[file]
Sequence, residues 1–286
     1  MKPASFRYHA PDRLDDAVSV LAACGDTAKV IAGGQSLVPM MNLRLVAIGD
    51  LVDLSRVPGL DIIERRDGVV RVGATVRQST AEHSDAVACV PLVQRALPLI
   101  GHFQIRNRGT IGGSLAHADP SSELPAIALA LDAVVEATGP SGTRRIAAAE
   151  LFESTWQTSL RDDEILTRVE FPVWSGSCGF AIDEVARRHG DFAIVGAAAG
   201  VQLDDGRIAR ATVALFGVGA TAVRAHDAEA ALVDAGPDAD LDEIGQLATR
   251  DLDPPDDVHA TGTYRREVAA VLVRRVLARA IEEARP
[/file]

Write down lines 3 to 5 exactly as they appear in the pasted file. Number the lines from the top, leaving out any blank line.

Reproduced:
    51  LVDLSRVPGL DIIERRDGVV RVGATVRQST AEHSDAVACV PLVQRALPLI
   101  GHFQIRNRGT IGGSLAHADP SSELPAIALA LDAVVEATGP SGTRRIAAAE
   151  LFESTWQTSL RDDEILTRVE FPVWSGSCGF AIDEVARRHG DFAIVGAAAG